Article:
The report gives Durham credit for a good economy and low unemployment. The report also likes the city's abundance of park space and gives the city extra credit for a Teen-Focus program that provides evening recreation and help with school work. But in education, public safety and health issues, Durham received a merely "average" rating.
Durham County Health Director Brian Latourno says the report's data is flat out wrong. It shows Durham with an infant mortality rate at 12.8 per 1,000 live births. The latest data from North Carolina State Center for Health Statistics shows Durham County doing three whole points better than that.
"Our infant mortality statistics are equivalent to Orange County and other high-standard communities, so we think we're doing a pretty, good job," he says.
Under the category of public safety, the report gives Raleigh and Fayetteville a "B." Durham gets a "C." The report shows more violent and property crime, but people in Durham say they are seeing less crime, not more.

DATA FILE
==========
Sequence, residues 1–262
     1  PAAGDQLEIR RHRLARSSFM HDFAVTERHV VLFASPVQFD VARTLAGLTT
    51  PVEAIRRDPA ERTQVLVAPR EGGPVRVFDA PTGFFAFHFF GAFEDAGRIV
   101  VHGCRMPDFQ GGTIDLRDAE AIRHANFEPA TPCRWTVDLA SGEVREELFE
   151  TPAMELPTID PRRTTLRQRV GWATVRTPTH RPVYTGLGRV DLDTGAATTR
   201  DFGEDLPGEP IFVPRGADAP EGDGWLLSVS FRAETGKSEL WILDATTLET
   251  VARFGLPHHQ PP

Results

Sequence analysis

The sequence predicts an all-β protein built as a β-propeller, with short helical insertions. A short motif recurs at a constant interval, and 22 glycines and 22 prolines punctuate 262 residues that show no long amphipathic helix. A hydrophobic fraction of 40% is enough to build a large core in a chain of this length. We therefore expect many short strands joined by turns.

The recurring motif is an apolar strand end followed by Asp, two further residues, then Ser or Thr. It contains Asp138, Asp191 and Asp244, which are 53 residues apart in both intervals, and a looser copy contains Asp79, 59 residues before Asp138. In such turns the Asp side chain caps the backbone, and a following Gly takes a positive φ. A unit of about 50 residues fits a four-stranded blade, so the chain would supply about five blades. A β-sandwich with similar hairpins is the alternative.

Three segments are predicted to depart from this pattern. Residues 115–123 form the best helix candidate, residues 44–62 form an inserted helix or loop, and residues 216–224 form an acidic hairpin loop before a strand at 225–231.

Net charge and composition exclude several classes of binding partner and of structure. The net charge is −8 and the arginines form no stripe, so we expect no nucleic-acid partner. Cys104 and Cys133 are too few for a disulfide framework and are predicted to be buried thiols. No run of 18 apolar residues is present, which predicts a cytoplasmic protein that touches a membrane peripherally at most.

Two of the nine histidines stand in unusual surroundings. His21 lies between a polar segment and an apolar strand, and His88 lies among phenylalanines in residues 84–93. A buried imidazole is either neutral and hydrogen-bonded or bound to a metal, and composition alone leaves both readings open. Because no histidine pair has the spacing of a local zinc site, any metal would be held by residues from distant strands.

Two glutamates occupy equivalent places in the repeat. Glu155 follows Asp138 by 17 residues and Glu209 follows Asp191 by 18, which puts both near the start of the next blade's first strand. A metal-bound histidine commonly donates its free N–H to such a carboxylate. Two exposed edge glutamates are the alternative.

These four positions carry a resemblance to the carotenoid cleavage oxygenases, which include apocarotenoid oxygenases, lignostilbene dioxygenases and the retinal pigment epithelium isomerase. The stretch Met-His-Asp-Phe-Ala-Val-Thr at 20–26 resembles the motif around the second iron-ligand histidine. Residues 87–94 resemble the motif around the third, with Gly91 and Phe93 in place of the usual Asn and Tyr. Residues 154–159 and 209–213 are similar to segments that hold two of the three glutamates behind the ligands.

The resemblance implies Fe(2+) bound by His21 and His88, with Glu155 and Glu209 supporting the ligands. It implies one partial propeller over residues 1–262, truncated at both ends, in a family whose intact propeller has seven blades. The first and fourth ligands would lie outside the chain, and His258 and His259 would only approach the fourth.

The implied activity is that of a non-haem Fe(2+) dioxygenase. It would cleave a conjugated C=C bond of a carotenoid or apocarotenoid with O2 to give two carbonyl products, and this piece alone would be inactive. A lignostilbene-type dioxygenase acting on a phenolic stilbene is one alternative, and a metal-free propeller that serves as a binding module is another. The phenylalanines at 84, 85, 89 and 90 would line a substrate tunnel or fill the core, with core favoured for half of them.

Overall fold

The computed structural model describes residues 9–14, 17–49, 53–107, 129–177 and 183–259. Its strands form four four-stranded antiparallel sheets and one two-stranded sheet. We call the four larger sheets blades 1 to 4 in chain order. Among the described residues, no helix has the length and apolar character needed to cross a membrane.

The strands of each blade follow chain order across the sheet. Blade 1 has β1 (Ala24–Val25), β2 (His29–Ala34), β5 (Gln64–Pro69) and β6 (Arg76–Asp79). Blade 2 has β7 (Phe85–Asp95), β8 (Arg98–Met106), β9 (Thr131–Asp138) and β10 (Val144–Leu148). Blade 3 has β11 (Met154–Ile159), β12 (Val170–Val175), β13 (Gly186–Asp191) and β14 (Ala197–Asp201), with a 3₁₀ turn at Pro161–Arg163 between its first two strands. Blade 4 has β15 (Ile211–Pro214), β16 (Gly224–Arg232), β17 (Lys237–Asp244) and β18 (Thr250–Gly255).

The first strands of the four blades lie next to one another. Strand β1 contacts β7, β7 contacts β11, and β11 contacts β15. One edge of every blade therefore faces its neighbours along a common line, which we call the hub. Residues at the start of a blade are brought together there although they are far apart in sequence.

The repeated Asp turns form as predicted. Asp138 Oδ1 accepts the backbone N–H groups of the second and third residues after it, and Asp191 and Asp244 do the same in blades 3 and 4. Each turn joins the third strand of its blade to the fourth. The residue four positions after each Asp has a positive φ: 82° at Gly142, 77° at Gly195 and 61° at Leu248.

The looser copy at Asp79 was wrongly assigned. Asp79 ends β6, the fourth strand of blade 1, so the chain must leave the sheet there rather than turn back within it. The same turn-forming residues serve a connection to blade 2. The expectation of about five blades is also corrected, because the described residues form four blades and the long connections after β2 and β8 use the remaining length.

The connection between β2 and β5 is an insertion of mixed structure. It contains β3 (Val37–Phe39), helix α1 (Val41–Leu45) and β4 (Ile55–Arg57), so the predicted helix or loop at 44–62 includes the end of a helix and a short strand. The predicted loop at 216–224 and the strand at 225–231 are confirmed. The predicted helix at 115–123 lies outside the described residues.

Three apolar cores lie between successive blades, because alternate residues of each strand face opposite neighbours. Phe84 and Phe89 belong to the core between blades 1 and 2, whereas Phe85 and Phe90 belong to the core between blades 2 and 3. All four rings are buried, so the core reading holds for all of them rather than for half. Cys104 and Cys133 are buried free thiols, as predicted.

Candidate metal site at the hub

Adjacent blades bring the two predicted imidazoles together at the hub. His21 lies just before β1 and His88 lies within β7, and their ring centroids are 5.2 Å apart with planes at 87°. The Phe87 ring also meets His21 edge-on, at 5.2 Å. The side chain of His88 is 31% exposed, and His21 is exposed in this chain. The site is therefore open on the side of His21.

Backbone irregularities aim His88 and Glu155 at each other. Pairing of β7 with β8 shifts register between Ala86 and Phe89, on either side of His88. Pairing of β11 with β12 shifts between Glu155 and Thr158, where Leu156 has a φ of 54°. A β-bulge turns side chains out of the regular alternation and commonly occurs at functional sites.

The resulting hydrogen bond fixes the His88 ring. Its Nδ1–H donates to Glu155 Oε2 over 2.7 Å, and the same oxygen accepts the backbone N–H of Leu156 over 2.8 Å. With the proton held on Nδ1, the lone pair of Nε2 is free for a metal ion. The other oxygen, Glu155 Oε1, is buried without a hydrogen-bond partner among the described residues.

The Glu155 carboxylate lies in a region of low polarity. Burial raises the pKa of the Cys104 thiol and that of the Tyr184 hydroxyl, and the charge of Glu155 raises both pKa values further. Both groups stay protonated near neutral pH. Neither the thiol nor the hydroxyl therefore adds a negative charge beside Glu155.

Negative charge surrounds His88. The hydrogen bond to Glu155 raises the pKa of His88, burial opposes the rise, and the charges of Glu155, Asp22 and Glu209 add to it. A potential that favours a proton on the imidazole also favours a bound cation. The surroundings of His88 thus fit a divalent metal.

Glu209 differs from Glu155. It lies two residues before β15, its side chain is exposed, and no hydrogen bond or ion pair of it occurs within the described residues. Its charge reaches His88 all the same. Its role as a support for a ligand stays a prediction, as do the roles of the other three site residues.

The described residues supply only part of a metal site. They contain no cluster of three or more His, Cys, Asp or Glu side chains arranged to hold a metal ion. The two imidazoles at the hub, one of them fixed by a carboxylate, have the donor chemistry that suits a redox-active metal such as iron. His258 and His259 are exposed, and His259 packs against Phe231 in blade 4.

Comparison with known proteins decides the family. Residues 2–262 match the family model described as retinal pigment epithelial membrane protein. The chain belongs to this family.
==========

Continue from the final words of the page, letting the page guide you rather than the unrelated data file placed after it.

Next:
Lt. Ed Sarvis of the Durham Police Department says the report does not reflect recent progress -- progress made through youth intervention programs and citizen groups like Partners Against Crime.
"What we've seen is an actual 20 percent drop in crime from mid-year compared to 1998," Sarvis says.
"Some of the time when you look at these reports, they can be very misleading. They can be inflammatory," Latourno says.
In the category of education, the Kid-Friendly Report looks at test scores and class sizes. Raleigh, Fayetteville and Durham each received a grade of "C".